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Forced Perspectives: Prologue

       Last updated: Wednesday, December 4, 2019 20:08 EST

 


 

PROLOGUE, 1928: Before the Shadows Crept In

    “It was on the south wall of the Pharaoh’s city.”

    The man had to speak loudly over the onshore wind, and in spite of the rushing veils of sand he had taken off his goggles to see the dunes more clearly in the twilight.

    Aside from the shivering figures of his four hooded companions, one of them dutifully blowing into a smoking coffee can, the only features in the desolate landscape were the black rocks that stood up here and there like islands in the infinite rippled expanse of sand, and the fragments of broken plaster that littered the area all the way down to the surf line. The random arrangements of the rocks were no good as landmarks — for all he knew, they had shifted during the five years since he had last been here.

    “Boundless and bare,” called Mrs. Haas, the High Priestess of the coven, “the lone and level sands stretch far away.”

    Wystan fitted the goggles back over his eyes and shifted the bulky knapsack on his back to a more comfortable position. His nearly-new 1925 Model T Ford pickup truck was stalled and stuck in the sand half a mile inland, and that was half a mile from the dirt track that led east to the new extension of Route 56 connecting Pismo Beach and Las Cruces. He wondered how he might find somebody in nearby Guadalupe with a truck and block and chains who would come out here at this hour. He didn’t need old women quoting Shelley at him.

    The three other witches were talking among themselves, probably speculating that Wystan wasn’t a very effective High Priest, and that perhaps they didn’t need a High Priest at all — especially one who drank liquor, in blatant defiance of the Volstead Act. Mrs. Haas’ shiny new Model A sedan was parked way back there on the paved road, and the four old women had sat in the bed of his pickup for the last leg of the expedition until the truck had got stuck. They had all then walked the last half mile, with much grumbling.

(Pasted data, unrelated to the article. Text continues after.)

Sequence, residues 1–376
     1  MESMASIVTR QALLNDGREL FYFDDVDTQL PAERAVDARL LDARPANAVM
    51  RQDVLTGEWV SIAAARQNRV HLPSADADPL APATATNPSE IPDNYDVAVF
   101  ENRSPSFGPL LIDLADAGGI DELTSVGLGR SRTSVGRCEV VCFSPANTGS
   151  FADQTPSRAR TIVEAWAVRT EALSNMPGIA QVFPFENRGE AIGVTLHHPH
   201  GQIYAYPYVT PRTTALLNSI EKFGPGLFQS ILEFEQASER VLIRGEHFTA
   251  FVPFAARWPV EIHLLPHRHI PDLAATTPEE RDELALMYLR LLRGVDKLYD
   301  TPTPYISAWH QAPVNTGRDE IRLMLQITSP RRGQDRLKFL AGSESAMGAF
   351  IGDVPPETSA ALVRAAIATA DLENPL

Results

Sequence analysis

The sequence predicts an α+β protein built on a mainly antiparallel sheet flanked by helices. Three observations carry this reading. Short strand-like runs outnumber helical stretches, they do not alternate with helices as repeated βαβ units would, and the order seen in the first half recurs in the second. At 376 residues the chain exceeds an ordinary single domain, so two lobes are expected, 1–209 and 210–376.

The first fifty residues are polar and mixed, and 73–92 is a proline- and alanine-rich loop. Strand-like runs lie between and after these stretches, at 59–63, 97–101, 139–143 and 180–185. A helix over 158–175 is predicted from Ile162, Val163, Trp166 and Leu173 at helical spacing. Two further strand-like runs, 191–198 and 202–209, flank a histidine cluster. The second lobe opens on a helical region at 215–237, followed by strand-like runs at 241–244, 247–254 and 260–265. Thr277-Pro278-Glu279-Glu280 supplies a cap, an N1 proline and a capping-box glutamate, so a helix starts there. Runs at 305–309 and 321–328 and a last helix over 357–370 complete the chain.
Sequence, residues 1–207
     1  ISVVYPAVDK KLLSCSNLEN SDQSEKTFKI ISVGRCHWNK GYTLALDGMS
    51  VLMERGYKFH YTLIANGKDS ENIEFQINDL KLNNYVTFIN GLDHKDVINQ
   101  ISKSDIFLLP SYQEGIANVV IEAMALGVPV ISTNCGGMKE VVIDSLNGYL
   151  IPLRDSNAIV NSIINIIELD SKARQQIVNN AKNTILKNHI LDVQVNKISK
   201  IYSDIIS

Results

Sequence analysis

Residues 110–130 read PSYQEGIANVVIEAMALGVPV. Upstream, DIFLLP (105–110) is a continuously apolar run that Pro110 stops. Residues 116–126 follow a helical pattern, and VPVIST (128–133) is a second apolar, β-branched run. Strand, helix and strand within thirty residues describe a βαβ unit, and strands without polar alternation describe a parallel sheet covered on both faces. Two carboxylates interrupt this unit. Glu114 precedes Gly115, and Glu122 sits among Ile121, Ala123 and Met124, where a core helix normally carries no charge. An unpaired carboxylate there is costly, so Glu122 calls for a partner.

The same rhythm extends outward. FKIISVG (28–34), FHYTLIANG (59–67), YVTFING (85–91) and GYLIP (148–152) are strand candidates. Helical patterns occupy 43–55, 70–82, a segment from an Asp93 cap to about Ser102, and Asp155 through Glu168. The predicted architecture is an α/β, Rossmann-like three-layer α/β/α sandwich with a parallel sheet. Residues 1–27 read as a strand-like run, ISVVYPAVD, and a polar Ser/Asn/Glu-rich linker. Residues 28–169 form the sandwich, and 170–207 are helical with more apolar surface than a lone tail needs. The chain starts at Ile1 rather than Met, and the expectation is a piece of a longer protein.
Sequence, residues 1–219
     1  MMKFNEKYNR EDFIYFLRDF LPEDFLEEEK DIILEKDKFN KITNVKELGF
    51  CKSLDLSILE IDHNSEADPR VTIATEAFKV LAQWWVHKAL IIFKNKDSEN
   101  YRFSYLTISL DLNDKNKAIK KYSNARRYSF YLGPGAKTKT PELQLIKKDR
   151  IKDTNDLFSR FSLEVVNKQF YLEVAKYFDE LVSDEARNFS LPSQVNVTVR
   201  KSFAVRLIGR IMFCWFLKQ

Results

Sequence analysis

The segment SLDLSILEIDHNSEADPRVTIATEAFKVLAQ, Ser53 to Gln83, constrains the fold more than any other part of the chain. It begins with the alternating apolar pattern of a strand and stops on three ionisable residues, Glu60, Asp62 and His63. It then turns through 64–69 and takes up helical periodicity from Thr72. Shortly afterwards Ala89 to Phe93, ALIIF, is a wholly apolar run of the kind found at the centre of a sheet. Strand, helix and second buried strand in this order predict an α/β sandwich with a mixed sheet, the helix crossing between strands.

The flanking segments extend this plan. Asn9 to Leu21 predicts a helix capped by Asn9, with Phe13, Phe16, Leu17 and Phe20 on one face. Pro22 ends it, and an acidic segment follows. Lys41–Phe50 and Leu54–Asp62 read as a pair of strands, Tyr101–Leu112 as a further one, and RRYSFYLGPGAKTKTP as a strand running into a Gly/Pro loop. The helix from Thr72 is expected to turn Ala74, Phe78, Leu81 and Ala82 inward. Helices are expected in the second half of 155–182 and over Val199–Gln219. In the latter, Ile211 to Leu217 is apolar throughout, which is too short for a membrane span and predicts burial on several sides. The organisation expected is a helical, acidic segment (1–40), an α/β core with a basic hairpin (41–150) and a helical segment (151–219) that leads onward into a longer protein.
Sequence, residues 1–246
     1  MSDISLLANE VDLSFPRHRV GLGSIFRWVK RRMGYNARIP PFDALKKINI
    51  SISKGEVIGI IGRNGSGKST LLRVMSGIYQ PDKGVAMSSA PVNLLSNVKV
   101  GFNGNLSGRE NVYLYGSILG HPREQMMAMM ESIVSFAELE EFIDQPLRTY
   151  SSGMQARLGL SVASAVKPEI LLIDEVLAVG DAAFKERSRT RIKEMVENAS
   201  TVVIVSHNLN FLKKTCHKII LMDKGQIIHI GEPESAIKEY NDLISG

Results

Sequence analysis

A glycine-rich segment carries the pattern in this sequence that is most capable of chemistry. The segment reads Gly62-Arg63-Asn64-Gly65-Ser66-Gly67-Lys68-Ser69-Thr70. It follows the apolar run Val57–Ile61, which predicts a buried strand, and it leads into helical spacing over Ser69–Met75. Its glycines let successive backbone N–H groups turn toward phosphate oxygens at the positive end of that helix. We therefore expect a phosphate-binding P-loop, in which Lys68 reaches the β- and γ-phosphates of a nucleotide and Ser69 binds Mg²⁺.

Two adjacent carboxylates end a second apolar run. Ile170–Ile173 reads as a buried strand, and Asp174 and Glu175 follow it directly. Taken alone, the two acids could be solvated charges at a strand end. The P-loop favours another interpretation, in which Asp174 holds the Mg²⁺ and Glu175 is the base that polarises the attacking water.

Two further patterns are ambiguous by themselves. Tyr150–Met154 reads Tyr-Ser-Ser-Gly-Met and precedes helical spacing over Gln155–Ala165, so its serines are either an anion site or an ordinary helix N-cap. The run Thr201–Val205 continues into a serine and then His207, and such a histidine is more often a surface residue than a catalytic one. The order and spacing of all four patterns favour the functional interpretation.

“It’s unlikely we’re even in the right place,” said the witch holding the coffee can in her gloved hands. “One little movie set, out here in these miles of nothing?”

    “Keep blowing on it,” said Wystan. Then, “It’s here — all these plaster fragments were part of it. It wasn’t a little movie set.” He waved around at the empty miles of dunes, and went on more loudly, “The Pharaoh’s city alone covered ten acres, and the walls were a hundred feet high! And DeMille built a whole city here, besides, with medical tents and kitchen tents — even a kosher kitchen! — for all the cast and crew, all 25,000 of us. Altogether the production covered twenty-four square miles! We took over the town — you’d see Egyptian chariots parked in front of the bars, and DeMille hired every local person and horse and steer for the crowd scenes.”

    Wystan turned away from his tiresome companions, and he took the opportunity to pull his flask from an inside pocket of his overcoat. He quickly unscrewed the cap and swallowed two liberal mouthfuls of what his bootlegger swore was English gin, then twisted the cap back on and tucked the flask away.

    The witch with the coffee can had resumed blowing into it; her face glowed with each puff, and smoke flickered away in the gathering darkness. The wind smelled strongly of the ocean.

    “It was a fine movie,” allowed Mrs. Haas. “I never saw anything like when Moses parted the Red Sea.”

    Wystan laughed, so softly that the women probably didn’t hear. “You should have seen us all wading into the sea one day to get seaweed. DeMille had put up fences to show where the walls of water would be matted in later, and he had to shoot at exactly noon, or the fences would throw shadows, and at the last minute somebody pointed out that the path through what was supposed to be the Red Sea bed was dry sand. So DeMille and everybody else went rushing into the surf to drag up kelp and spread it out on the path. And he got the shot before the shadows crept in.”

    And a hundred people suddenly and spontaneously agitating the sea, thought Wystan, and them dragging a lot of living stuff out of the sea onto the land, roused my Ba hieroglyph sigil. It pulled its nails nearly all the way out of the Pharaoh’s south wall, and I had to hammer it back flat and repaint it to match the painted plywood wall before anybody noticed.

    He took a few unsteady steps in a new direction across the sand, and his boot scuffed something that wasn’t a pebble or piece of plaster; and when he had bent down to pick it up and shake the sand off it, he held it out for the witches to see. It was a rusty metal disk, and by the fading light over the ocean it was possible to read Eastman Film stamped on the surface.

    “This is the lid of a film can,” he said. “We’re in the right place. If the cameras were about hereâ¦the wall would have been east of us. Best we set up right here, between the wall and the sea.”

    “Where is the wall?” quavered one of the witches. “Did itâ¦erode away to dust? In just five years?”